Bob was a recruiter. Bob had been working for years trying to connect companies with talented individuals who “fit” with the company on many levels. It wasn’t just enough to find someone with an impressive resume. Bob worked to understand the needs of the company and what type of person would excel in that spot.

More than that, Bob worked to find people who desired those types of positions.

So, Bob had a unique way of assessing potential candidates.

He’d come upon this methodology after learning about Ernest Shackleton, the captain of the ill-fated Endurance. In the early 1900s, Shackleton and his crew attempted to cross the Antarctic Continent, only to get stranded there for nearly two years before finding safe passage home.

After he read about it, Bob became inspired to run a marathon in Antarctica. In training for the race, he’d also made some more discoveries about himself and how he could apply those to executive recruiting.

So, Bob decided to take this knowledge and package it in a book.

I had the chance to hear Bob speak in person. Bob was an eloquent speaker, and his expertise shines through easily. It was also fun to hear about training in a walk-in freezer for a year in preparation for the marathon, stories about Ernest Shackleton, and running on the bottom of the earth.

Then it came time to read Bob’s book.

Why every author needs a professional editor

There were typos, layout issues, and his cover looked cheap.

Bob mentioned, almost complained outright, that his speaking gigs weren’t as profitable as he’d like.

Five pages into the book and it became obvious he needed a professional editor.

Bob’s story— or the more accurately, the story of his book— highlights how someone with a lot of information and knowledge to share can torpedo their attempts without knowing it. While I never got to ask him about it, it looked as though he’d gone with the cheapest (read; most “cost-effective”) option possible with the intent of making more money that way. After all, if he could save on the cost of an editor and print more books, that would mean more speaking gigs, right?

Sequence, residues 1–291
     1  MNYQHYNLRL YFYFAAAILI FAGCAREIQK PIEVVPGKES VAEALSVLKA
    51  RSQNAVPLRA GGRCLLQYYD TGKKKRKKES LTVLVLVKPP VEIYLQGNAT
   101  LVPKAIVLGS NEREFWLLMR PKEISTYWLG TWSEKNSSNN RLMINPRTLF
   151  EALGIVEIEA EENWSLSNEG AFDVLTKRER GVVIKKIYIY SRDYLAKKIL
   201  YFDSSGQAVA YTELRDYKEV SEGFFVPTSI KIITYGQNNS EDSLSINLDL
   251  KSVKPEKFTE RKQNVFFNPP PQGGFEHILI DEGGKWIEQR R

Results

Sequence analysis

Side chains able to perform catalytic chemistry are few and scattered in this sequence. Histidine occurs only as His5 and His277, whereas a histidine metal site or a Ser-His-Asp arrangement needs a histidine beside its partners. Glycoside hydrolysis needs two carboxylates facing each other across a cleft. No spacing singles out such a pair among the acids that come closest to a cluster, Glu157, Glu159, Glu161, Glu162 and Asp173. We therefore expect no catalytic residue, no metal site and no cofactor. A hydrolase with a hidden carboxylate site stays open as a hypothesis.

Not true.

Because of the low-quality book, Bob was having a hard time securing speaking gigs. Fewer speaking gigs meant fewer speaking fees.

The book may not have been the only reason, but it was hard to ignore, just the same.

Look at it this way; if Bob had paid for an editor to polish his manuscript, then he could have recouped the cost with more speaking gigs. Or speaking gigs that paid him more.

It doesn’t take a marathon in Antarctica to learn a simple lesson; get a professional editor for your manuscript.

With a good editor, the quality of your story shines through in your book. Independent author services, like the ones offered by 1106 Design, allow authors to publish books that achieve just that. And if you’re looking to connect with better speaking gigs, a quality book can’t hurt your chances.

Don’t be like Bob.

Hire an editor.


Kyle Weckerly is a writer in progress. He produces content, maintains social media, and monitors SEO. Beyond that, he’s pursuing his passion to write novels and apply his writing skillset to help others.